11. I’d argue that being able to turn a stove off or toggle a light is enough to be downright annoying of the wrong people gain access.

    e.g. turning the lights on and off repeatedly in quick succession, or turning the stove off shortly after you walk out of the kitchen so your meal doesn’t cook. Some food items have to be discarded if not cooked through properly.

  12. This is a bit of a hot button issue with me. I believe that lighting information, presence detection, heating trends, music habits, and other internet connected luxuries can be used to determine optimal times to break into a house. Think of it this way. If someone wants to choose a house to break into, and they manage to hack into the Nest database. From there they can determine when the presence detector has been triggered historically. No presence between 9 am and 5 pm, maybe 10 am is a good time to break in.

    With all that said the other question is that of someone just pulling pranks. Albeit your life will not be drastically altered if someone parks on the curb and turns all your lights off, or sets them to strobe. You will be inconvenienced at the very least, not to mention they could turn them on while you are sleeping, waking you up before you need to go in for that life changing job interview tomorrow.

    My answer to this is pretty simple. I use PFsense for my firewall and have multiple DMZ’s Like Hillary, I run my own E-mail server. I do not allow mail delivery outside of my domain so I don’t have to worry about spam or it being hacked and used as a spam bot. This sits on a traditional DMZ.

    The cameras, light bulbs, presence detection, thermostat, and NVR sit on a separate DMZ. This one has zero connectivity to the internet. There is also a controller computer that runs some bash scripts that have effectively done what everyone else uses the cloud for. When presence is detected, turn on lights. When not detected turn lights off. When presence is not detected and it gets dark, turn on lights in a specified pattern to make it look like I am home.

    The concept here is to remove the “Cloud” from my set up. Make all notifications happen through the E-mail server I control and make all automation happen on a controller I control. This has been a slow and time consuming build, but I can be assured that hacking my system will prove more difficult than a prankster will want to go through. Also no one will know if I am home or not based on hacks into a central controlling server that I do not own for an IOT device.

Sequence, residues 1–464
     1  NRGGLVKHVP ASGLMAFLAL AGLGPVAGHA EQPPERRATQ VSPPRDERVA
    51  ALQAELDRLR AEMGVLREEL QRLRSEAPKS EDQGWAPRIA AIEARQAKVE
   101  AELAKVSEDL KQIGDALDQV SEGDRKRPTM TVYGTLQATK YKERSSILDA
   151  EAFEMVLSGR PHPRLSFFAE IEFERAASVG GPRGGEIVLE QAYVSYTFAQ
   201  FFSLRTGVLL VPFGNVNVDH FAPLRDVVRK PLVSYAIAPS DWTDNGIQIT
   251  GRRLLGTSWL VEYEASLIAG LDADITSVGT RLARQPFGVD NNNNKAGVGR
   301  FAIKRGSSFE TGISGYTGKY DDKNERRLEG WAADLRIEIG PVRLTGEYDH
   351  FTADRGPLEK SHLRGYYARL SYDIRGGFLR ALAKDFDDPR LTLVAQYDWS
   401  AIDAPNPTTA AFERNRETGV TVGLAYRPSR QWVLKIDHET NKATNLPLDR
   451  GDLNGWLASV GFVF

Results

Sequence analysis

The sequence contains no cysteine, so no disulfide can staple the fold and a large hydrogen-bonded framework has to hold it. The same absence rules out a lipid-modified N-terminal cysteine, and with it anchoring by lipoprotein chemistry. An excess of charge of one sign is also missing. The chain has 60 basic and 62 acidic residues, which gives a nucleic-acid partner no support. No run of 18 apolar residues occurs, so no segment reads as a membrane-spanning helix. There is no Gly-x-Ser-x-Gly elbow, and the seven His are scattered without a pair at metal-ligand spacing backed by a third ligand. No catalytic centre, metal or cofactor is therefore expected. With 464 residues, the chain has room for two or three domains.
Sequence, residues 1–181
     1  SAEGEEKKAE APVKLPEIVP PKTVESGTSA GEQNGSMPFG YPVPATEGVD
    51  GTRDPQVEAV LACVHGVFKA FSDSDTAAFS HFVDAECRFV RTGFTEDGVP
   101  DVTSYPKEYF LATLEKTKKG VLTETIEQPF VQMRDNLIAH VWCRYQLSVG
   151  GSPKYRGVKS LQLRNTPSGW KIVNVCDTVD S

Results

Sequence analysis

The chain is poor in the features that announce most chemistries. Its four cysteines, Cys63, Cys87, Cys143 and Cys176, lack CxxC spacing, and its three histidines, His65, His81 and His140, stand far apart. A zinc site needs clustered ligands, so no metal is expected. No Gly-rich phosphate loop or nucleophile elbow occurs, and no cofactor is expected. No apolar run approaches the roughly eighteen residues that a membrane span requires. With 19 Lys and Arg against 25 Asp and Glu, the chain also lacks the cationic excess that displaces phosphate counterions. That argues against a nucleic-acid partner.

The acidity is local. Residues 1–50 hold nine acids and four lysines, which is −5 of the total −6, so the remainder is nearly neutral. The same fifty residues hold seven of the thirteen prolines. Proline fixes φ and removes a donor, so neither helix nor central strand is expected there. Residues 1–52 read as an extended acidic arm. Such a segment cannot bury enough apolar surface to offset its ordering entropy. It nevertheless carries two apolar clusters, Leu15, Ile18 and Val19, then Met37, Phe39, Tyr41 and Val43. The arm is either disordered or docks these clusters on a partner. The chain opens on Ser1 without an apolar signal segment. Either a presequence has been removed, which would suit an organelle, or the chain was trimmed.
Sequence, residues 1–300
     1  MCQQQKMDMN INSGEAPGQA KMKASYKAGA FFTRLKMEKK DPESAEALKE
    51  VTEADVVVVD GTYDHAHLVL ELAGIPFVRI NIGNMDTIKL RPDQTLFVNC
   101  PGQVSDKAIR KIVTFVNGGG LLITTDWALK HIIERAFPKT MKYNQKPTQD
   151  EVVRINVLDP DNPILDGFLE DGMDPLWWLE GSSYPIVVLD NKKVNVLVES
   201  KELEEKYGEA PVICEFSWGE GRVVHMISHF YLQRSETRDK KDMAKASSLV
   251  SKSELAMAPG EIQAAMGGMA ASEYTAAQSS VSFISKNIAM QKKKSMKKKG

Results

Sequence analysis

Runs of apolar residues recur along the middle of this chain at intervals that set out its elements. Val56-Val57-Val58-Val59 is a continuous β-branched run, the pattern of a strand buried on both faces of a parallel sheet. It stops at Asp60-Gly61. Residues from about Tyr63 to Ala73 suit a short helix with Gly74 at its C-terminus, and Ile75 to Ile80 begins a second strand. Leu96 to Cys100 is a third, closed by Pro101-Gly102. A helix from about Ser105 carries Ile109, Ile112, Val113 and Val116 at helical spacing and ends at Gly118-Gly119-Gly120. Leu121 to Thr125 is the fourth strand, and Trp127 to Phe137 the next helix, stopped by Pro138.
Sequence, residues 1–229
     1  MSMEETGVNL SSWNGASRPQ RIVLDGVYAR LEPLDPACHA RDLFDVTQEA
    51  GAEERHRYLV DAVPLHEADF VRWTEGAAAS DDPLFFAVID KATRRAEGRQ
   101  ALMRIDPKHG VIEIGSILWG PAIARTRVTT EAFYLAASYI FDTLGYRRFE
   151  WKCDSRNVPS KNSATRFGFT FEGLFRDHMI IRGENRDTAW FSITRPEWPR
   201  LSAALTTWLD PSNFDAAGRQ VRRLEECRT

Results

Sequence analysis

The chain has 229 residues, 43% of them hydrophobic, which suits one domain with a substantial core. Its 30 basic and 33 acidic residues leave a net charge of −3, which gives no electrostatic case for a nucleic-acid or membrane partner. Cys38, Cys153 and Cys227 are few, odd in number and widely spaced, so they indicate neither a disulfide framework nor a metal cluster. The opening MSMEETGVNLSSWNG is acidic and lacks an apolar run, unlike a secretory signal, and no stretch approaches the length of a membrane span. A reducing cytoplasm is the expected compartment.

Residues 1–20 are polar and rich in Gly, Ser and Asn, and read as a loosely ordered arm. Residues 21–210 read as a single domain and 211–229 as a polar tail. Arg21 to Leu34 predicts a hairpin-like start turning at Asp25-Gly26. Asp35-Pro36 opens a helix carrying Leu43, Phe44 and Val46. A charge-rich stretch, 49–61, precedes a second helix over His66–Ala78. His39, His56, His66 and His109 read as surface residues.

If people developed their automation they would be much happier with it, and we would all be just that much more secure.

    1. ^^ This ^^ The first paragraph nails it. The biggest vulnerability from thoughtless IoT implementation won’t be remotely toggling your hall light, it will be the additional knowledge it ‘leaks’ to the outside, whether it’s to professional house-robbers or direct marketers.

    2. I have the same thought scheme as you. I pretty much have the same network infrastructure as you (except for the mail server ;). A sub network of devices connected to a custom controller.
      But there is somethings I don’t agree with in your setup.

      First, I think that you need to be able to “control” any device connected to this network. Be it in a “secure” way as discussed (turning-the-stove-off-an- non-on), but read-only automation is not worth it. What’s the point of realizing your forgot to lock the door if you can’t lock it from a distance? I think there is a way of doing this kind of thing in a pretty secure way. Unless you are specifically targeted, your average teenager-hacker-in-the-making neighbor will surrender quickly to a properly setup firewall and will try to find another neighbor to bother.

      But now, you and me like to do things properly. But what about the damn light bulb, programmed by underpaid Chinese engineers who just don’t give a dime at security (btw, don’t buy any IP camera coming out of China)? You make shure that your network infrastructure is properly safe but the weakest link is the damn lightbulb! Nowadays, you just can’t trust companies. Hell, they’ll sue you if you try to make their crappy firmware safer. And I’m not even talking about data collecting from the makers of these IoT devices.
      That’s why I truly believe that until some open source / community backed devices where you can actually trust the code running in the microcontroller, people should either avoid off-the-shelf cheap IoT devices or make it / hack it if they want to be shure it is secure.
      For example, I hacked my electronic doorlock (an old Weiser smartcode running my own firmware) and I wired it because I didn’t want to spend too much time making shure the WiFi dongle I was using was safe. And it’s working great!. If I wanted to have automated lightbulbs (I just don’t see the point of it) I would use good’ol X10 powerline communicating modules.